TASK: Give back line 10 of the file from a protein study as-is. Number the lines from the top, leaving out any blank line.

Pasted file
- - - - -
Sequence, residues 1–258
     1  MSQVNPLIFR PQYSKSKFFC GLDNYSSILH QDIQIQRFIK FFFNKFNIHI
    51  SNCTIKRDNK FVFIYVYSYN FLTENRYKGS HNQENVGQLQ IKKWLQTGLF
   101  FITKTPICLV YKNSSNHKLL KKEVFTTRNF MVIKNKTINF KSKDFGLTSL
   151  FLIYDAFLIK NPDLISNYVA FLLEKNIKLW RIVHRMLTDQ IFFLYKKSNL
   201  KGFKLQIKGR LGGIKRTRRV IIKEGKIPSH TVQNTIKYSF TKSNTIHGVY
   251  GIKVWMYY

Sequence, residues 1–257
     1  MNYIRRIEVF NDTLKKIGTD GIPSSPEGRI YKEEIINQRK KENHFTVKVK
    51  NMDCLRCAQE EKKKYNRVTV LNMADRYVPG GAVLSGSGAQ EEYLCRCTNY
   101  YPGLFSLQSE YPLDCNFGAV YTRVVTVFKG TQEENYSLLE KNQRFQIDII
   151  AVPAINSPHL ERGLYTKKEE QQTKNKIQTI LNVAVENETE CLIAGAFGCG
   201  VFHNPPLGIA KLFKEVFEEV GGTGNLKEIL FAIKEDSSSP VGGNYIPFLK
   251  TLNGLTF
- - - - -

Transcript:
    51  NMDCLRCAQE EKKKYNRVTV LNMADRYVPG GAVLSGSGAQ EEYLCRCTNY